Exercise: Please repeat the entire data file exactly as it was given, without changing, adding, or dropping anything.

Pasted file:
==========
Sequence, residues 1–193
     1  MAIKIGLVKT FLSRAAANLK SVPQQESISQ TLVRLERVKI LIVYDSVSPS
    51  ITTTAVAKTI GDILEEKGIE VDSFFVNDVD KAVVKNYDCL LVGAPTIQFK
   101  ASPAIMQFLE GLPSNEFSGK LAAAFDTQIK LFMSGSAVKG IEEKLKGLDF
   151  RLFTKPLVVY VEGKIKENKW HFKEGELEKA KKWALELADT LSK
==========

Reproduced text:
Sequence, residues 1–193
     1  MAIKIGLVKT FLSRAAANLK SVPQQESISQ TLVRLERVKI LIVYDSVSPS
    51  ITTTAVAKTI GDILEEKGIE VDSFFVNDVD KAVVKNYDCL LVGAPTIQFK
   101  ASPAIMQFLE GLPSNEFSGK LAAAFDTQIK LFMSGSAVKG IEEKLKGLDF
   151  RLFTKPLVVY VEGKIKENKW HFKEGELEKA KKWALELADT LSK